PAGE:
Additionally, there’s the interesting wrinkle of using Curry as a screener with Russell running the pick and roll. Curry is a great screener for a guard and the Warriors have thrived with him off-ball, a decision that often leads to — you guessed it — freer looks around the three-point line. In the past, Golden State opted for Curry setting on-ball screens, mostly with Durant as the ball-handler. Those scenarios watch Curry slip the screens and dart to the three-point line, always leaving defenses in scramble mode.

Russell could slot into this role now, offering the ball-handling ability and pull up threat that Durant possessed. Last season, the Warriors scored 1.40 points per possession when Curry was the screener in a pick and roll, per NBA.com. They only had 0.6 of these possessions per game, but that is an elite number, and something they could look to for a basket in a close game.  Kenny Atkinson, the Nets’ head coach, typically paired Russell with Spencer Dinwiddie and the fluid, intentionally confusing movement helped Brooklyn surprise the league over and over again.

It’s easy to picture Curry playing the role of Dinwiddie here, setting a screen for Russell to start the action, then relocating to the three-point line as Russell goes into a 1-5 pick and roll.

The Warriors are not only getting someone who could complement their stars, but also a player that could lead the offense when Curry is resting.  This is where Russell’s experience from this last season in Brooklyn will be most useful.

In 2018-19, the Warriors had a paltry 100.6 offensive rating with both Curry and Durant off the court, per cleaningtheglass.com. The backup point guard position was usually manned by Quinn Cook or Shaun Livingston. Both were serviceable, but not without their limitations. Cook operated as more of a floor spacer and was not asked to create for teammates, while the savvy Livingston moved the ball but mostly looked to score in the post. Russell will provide the combination of shooting and point guard skills to control the floor and bend defenses.

Per NBA.com, the Warriors ran the fewest pick and rolls in the league last season.  With Russell now in the fold, they could add some of that to their playbook for a little more offensive diversity. Russell showed a keen ability to manipulate a pick and roll last season and these clips show the type of playmaking he could bring to his new team.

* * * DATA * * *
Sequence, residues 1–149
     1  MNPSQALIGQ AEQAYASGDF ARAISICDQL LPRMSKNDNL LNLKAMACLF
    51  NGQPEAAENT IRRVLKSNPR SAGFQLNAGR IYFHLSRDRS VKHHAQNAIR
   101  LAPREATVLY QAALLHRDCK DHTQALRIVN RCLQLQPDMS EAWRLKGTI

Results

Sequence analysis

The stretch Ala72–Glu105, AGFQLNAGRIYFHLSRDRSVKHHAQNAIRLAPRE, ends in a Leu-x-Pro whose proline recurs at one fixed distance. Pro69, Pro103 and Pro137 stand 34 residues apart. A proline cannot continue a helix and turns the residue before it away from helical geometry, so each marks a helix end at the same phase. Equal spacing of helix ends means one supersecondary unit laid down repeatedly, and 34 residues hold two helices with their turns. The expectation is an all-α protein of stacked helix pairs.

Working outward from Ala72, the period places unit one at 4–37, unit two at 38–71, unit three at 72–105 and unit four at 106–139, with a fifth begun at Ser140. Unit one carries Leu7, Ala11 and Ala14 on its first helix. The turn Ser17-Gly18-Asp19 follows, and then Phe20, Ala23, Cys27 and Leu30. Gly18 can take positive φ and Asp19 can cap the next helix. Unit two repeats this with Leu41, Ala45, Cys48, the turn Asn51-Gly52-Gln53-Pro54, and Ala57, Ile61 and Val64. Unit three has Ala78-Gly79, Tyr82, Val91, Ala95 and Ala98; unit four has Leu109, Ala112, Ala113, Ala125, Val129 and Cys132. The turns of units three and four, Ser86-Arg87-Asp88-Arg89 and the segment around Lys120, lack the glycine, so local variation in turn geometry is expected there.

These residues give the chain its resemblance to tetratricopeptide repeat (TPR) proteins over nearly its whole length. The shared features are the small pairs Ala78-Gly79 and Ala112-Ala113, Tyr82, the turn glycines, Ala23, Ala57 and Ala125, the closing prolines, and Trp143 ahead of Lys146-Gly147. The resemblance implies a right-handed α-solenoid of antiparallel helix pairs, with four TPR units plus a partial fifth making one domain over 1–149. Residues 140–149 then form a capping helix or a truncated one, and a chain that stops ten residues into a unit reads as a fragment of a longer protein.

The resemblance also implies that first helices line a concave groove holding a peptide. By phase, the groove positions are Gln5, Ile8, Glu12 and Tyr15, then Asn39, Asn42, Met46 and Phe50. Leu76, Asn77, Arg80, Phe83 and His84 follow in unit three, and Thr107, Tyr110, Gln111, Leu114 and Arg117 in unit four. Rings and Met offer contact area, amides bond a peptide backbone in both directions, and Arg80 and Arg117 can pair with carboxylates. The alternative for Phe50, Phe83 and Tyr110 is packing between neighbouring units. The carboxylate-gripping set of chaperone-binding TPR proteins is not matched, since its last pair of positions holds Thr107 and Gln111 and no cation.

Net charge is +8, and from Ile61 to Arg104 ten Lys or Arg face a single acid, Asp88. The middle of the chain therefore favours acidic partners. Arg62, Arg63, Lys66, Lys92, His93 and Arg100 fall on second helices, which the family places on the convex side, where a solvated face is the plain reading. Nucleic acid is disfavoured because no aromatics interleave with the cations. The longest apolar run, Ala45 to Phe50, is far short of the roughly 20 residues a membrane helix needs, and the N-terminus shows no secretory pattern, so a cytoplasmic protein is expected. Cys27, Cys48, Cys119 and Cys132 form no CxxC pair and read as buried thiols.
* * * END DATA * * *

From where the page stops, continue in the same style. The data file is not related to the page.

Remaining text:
Presumably, Kerr will want one of Curry or Russell on the court at all times, especially until Thompson returns. It’s also possible that Curry is asked to spend some time with the bench, with Russell and the remaining starters playing while the superstar rests. Either way, the staggering of their minutes will be an important puzzle for Kerr to solve this offseason.

There are still areas of concern for the Russell addition. While all signs point to easy offensive assimilation, it is not a foregone conclusion that Russell can slide into the role of secondary playmaker and floor spacer after a full, All-Star-worthy year as the lead dog. That said, Kerr has dealt with multiple stars every year and always passed with flying colors — on top of that, Curry is as selfless as they come. What might become a major concern for other teams may not even register as a speed bump for this Warriors franchise.

Still, there is also the other half of the game and Russell will not be able to replace what Thompson brought defensively. Although Draymond Green is a master at covering for teammates mistakes, a Curry-Russell backcourt could be problematic on that end. Even the impenetrable Green will struggle to plug every gap for this year’s iteration of the Warriors.

Notably, Russell did do a good job last season of not fouling, finishing in the 91st percentile in this category per cleaningtheglass.com. A 6-foot-10 wingspan allows him to contest well and swipe the ball from unsuspecting opponents.

If he can improve his off-ball instincts under the tutelage of the Golden State’ staff, and exert a little more energy on that end, he could mitigate some of those defensive concerns.

All in all, the positives easily outweigh any concerns here. Russell will bring extra playmaking to the Warriors that was sorely needed with the Durant departure, and he can also slide in next to Curry rather seamlessly.

There will be work to do for Kerr and his coaching tree, but his track record signifies that this could be a mutually beneficial relationship.  If Russell keeps evolving at his newest hurdle — and the Warriors have a healthy Klay Thompson come playoff time — the fight for supremacy in the conference could be hotter than ever.